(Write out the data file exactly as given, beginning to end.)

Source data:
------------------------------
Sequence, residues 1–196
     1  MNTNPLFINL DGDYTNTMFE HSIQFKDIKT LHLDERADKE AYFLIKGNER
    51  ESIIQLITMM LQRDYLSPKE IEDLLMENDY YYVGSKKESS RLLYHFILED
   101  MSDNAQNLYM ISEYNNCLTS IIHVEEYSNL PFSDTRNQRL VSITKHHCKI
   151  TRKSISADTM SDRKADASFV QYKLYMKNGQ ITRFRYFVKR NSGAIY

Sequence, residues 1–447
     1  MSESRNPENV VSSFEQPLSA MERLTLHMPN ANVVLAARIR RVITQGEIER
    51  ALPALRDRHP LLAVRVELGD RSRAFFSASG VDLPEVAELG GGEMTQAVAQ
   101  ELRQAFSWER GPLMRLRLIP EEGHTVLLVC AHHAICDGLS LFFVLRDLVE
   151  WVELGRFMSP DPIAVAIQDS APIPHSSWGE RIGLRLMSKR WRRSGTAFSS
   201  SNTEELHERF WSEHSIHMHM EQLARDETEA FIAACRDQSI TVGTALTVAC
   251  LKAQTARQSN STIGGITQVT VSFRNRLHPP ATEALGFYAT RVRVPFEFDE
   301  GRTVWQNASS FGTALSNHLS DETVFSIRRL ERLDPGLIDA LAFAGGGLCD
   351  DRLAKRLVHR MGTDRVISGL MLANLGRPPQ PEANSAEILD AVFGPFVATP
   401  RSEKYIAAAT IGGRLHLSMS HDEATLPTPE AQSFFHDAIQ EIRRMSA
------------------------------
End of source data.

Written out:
Sequence, residues 1–196
     1  MNTNPLFINL DGDYTNTMFE HSIQFKDIKT LHLDERADKE AYFLIKGNER
    51  ESIIQLITMM LQRDYLSPKE IEDLLMENDY YYVGSKKESS RLLYHFILED
   101  MSDNAQNLYM ISEYNNCLTS IIHVEEYSNL PFSDTRNQRL VSITKHHCKI
   151  TRKSISADTM SDRKADASFV QYKLYMKNGQ ITRFRYFVKR NSGAIY

Sequence, residues 1–447
     1  MSESRNPENV VSSFEQPLSA MERLTLHMPN ANVVLAARIR RVITQGEIER
    51  ALPALRDRHP LLAVRVELGD RSRAFFSASG VDLPEVAELG GGEMTQAVAQ
   101  ELRQAFSWER GPLMRLRLIP EEGHTVLLVC AHHAICDGLS LFFVLRDLVE
   151  WVELGRFMSP DPIAVAIQDS APIPHSSWGE RIGLRLMSKR WRRSGTAFSS
   201  SNTEELHERF WSEHSIHMHM EQLARDETEA FIAACRDQSI TVGTALTVAC
   251  LKAQTARQSN STIGGITQVT VSFRNRLHPP ATEALGFYAT RVRVPFEFDE
   301  GRTVWQNASS FGTALSNHLS DETVFSIRRL ERLDPGLIDA LAFAGGGLCD
   351  DRLAKRLVHR MGTDRVISGL MLANLGRPPQ PEANSAEILD AVFGPFVATP
   401  RSEKYIAAAT IGGRLHLSMS HDEATLPTPE AQSFFHDAIQ EIRRMSA